When Abraham Lincoln campaigned for the presidency in 1860, the Republicans tried to capitalize on Lincoln's rise from humble beginnings with the nickname "Rail-Splitter," a reference to one of Lincoln's many colorful former occupations, which also included general store clerk, country lawyer, postmaster and surveyor.
Lincoln gained fame nationally during several popular debates in 1858 with his longtime rival, Stephen Douglas, primarily on the issue of slavery. Lincoln believed slavery should be abolished, while Douglas thought the decision should be left to individual states. Douglas, the 1860 presidential candidate of the Northern Democrats, would be one of three men Lincoln opposed that year, along with John C. Calhoun of the Southern Democrats, and John Bell of the Constitutional Union.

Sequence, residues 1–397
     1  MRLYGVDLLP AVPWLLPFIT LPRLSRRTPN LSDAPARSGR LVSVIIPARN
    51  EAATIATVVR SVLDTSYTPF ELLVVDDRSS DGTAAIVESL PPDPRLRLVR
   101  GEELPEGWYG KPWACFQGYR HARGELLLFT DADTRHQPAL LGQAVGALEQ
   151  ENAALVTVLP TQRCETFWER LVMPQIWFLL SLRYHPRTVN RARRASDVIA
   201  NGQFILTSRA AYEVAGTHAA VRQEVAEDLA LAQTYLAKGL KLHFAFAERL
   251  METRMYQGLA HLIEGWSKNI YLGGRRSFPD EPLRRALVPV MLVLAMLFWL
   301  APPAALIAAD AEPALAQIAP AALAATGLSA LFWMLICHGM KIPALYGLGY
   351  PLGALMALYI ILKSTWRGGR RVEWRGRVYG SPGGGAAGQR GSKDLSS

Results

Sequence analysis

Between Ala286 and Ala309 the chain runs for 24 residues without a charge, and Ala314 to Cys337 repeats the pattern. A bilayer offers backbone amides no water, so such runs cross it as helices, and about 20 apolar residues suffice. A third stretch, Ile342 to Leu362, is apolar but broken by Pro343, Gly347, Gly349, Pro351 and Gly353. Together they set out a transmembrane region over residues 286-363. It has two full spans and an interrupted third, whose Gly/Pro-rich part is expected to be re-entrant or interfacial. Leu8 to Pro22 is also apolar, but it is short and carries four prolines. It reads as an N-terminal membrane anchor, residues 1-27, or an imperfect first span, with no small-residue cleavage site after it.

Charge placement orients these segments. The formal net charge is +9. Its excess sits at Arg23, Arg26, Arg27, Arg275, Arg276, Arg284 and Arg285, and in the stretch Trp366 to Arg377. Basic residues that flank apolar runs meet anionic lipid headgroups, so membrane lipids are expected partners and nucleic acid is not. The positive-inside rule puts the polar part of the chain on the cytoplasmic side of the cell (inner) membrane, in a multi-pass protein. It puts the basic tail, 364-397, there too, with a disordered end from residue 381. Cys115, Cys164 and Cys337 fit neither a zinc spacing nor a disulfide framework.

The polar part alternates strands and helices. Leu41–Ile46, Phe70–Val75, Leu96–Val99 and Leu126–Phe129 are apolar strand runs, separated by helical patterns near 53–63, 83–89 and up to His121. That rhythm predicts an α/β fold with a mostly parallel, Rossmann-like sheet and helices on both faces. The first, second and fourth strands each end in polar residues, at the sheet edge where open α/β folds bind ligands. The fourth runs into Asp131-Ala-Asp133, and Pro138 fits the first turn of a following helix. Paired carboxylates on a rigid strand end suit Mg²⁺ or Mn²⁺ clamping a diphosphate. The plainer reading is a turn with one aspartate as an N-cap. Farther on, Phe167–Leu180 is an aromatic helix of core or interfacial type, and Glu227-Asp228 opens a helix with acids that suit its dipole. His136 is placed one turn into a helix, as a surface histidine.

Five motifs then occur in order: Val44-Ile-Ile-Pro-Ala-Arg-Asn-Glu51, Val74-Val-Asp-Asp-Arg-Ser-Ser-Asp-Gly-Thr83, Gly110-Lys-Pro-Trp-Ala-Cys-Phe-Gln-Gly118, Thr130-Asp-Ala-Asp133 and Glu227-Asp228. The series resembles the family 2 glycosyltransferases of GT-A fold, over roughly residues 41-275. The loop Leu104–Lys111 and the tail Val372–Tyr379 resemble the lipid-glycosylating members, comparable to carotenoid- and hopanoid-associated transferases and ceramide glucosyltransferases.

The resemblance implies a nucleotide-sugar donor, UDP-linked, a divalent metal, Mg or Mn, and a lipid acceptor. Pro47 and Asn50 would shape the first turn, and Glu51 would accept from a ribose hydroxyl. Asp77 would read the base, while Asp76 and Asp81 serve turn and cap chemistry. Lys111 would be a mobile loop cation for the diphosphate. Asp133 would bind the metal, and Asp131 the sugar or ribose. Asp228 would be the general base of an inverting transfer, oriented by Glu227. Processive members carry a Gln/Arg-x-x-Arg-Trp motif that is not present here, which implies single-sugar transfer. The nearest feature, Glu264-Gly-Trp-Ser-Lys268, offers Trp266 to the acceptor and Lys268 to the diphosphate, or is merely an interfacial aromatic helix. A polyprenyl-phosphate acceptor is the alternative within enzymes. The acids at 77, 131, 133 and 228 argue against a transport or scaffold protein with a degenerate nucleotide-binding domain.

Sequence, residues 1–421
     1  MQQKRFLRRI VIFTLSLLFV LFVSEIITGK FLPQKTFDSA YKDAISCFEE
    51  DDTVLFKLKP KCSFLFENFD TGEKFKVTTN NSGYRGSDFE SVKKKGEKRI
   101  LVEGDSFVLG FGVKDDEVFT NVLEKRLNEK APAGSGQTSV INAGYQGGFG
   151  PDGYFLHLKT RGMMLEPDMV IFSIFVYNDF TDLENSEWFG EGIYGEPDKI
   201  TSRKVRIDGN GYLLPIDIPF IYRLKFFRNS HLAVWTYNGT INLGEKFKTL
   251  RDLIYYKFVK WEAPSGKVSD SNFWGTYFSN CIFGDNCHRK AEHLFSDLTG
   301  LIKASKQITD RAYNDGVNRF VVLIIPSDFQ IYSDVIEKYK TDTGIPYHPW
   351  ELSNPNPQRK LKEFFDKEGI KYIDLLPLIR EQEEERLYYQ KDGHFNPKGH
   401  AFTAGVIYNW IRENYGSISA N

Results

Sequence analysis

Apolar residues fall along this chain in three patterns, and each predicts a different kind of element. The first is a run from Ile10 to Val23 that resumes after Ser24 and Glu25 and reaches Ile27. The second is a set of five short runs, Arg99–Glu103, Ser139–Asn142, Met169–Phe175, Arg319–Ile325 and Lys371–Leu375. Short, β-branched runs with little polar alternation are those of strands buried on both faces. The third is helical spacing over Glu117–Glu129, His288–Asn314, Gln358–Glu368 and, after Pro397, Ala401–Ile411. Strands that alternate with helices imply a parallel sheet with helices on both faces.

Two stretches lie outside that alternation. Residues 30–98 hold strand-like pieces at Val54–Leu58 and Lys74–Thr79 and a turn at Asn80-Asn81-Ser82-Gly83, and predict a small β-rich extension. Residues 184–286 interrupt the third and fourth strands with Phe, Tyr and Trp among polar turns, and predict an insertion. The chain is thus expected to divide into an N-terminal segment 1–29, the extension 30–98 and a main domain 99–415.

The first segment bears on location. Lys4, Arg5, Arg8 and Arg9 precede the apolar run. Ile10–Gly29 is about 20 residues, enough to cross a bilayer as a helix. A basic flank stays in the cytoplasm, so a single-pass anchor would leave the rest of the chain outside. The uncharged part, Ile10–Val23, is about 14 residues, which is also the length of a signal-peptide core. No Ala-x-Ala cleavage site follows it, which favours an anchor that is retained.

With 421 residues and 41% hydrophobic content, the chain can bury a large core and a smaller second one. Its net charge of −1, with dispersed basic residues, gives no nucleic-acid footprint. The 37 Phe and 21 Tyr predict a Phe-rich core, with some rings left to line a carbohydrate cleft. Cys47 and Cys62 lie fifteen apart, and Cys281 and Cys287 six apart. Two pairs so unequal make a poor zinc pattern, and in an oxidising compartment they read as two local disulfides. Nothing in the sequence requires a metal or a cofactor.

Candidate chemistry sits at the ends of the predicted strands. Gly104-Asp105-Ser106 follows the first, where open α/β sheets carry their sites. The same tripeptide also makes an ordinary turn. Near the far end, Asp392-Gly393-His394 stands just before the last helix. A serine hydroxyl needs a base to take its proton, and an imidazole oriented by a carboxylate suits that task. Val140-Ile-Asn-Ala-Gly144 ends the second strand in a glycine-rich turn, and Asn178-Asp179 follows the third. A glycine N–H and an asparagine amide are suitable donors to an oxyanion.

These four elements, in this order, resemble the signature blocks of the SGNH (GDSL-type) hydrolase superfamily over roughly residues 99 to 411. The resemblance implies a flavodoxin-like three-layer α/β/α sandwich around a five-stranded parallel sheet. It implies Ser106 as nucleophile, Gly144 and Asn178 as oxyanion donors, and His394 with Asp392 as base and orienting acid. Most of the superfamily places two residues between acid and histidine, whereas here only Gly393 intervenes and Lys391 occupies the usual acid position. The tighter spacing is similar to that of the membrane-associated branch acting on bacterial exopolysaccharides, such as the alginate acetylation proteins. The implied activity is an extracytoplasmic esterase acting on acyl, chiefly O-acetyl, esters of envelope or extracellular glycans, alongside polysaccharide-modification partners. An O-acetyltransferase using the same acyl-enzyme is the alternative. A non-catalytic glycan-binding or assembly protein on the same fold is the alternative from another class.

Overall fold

Lincoln benefited from the split within the Democrats; he earned less than forty percent of the popular vote, but due to his popularity in the free states, he was able to win an Electoral College majority.
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